o Who Am I to Judge? I’m not in the business of trying to tell the professional writers how to do their job. Could I write it better? Officially, my answer is no. However, I’m not being paid a hefty salary to write a television program that large numbers of people enjoy. The writers of Heroes ARE being paid to write a show that people like me enjoy. And judging by how people are flipping away from the show in large numbers this season as shown by the plummeting ratings, the writers that are getting paid to write a show that is watched and enjoyed by a wide range of viewers are failing. It’s one thing to have a quality, well-written show that has trouble finding or never finding it’s audience: Cheers and Seinfeld are examples of initially dismally rated shows that initially went on to acclaim). InHeroes case, though it’s like a gigantic red SUCK flag when you have a highly rated and acclaimed show that loses a large chunk of its built in fan base and its acclaim virtually overnight. I will grant that it has only been a couple of months since the lead writers got the sack, so we’re still not getting any fresh takes on the material yet.

o This Week’s Spin Off Idea: Heroes: English Lessons! I’m actually not proposing this as a spin off, but as a season 4 story arc. It seems that the Heroes concept is to break each season into two story arcs. This year it was Heroes: Villains and Heroes: Fugitives. Since the writer’s strike cut Season 2 in half, there was only one arc. So my proposal for the story arc for the first half of season 4 is Heroes: English Lessons!

The first 12 episodes should be devoted to chronicling in detail the saga of Hiro and Ando taking a 12-week continuing education course in English. Each episode would be one 45-minute classroom scene. This may seem rather dull on it’s surface, but don’t think it could be much less dramatic than what we’ve seen in season 3 so far. At the conclusion of this story arc, Hiro and Ando would both be very sufficient if not fluent English speakers. The reason for this story arc is simple: I’d like to be able to look away from the screen for a moment to pick a zit or pull the underwear out of my crack without having to glue my eyes to the screen to read a 7 minute scene with subtitles. One act of mercy in the show the past couple of weeks is that they’ve separated the Japanese Laurel and Hardy duo forcing them to try to speak English in their scenes.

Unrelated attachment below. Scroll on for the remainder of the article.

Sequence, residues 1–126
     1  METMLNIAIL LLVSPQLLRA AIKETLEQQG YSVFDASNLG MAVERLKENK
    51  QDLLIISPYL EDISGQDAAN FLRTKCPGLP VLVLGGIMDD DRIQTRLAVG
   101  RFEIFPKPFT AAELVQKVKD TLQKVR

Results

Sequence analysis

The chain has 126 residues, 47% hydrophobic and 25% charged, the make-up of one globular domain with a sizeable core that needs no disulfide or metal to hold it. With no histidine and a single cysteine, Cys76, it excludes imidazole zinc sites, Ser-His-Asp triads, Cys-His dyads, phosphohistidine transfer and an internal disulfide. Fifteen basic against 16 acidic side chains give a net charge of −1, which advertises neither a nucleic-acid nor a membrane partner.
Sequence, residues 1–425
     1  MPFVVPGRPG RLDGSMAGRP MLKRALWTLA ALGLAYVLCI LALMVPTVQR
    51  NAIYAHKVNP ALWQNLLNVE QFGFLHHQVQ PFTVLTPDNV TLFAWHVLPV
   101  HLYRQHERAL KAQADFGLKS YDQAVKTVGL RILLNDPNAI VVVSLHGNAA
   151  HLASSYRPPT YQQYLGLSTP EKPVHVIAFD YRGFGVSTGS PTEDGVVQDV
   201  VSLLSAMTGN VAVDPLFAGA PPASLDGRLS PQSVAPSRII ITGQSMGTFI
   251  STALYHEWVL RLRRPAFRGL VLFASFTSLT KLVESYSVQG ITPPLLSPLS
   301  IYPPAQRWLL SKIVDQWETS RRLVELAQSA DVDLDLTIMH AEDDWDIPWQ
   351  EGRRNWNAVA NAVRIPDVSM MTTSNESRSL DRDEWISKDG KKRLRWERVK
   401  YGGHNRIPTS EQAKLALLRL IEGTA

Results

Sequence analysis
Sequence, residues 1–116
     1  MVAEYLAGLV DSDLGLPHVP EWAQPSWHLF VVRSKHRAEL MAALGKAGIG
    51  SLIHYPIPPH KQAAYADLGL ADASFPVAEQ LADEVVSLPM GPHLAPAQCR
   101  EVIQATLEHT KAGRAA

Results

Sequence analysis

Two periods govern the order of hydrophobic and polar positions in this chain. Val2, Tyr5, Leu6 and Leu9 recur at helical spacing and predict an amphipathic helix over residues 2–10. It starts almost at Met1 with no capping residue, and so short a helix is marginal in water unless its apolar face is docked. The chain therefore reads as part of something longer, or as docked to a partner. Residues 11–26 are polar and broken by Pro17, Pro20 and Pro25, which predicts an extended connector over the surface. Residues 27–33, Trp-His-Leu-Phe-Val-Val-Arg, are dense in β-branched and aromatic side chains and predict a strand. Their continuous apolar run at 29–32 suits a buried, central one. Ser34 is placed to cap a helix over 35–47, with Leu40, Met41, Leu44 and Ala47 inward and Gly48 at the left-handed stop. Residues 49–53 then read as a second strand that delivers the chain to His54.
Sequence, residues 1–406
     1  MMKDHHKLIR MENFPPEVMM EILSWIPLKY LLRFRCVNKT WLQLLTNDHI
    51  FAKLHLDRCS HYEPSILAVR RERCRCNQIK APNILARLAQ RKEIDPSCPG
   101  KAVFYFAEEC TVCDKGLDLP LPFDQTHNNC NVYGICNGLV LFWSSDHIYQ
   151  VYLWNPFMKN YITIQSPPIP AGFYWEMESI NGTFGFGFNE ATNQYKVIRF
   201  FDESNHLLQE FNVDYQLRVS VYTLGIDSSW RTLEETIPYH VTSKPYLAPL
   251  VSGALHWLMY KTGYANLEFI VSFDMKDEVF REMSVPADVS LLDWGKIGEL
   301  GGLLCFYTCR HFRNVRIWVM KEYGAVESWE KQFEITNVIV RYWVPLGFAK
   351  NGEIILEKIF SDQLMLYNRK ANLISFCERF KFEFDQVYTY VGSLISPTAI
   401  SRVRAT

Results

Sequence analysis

In the pilot episode of Heroes: English Lessons!, Hiro freezes time so he can sneak off to the restroom without having to raise his hand to ask to be excused from class.

That’s it for now. I give the current installment of Heroes a resounding “bleh.” I know those that continue to be apologists for the show probably stumble on my weekly blog occasionally and think that I just simply hate this show. I can tell you that this could not be further from the truth.

On second thought, that about sums it up. Right now I do hate this show. But it was a very short time ago that I loved this show, and I am sticking through it in hopes that the Titanic can reverse course out of this iceberg.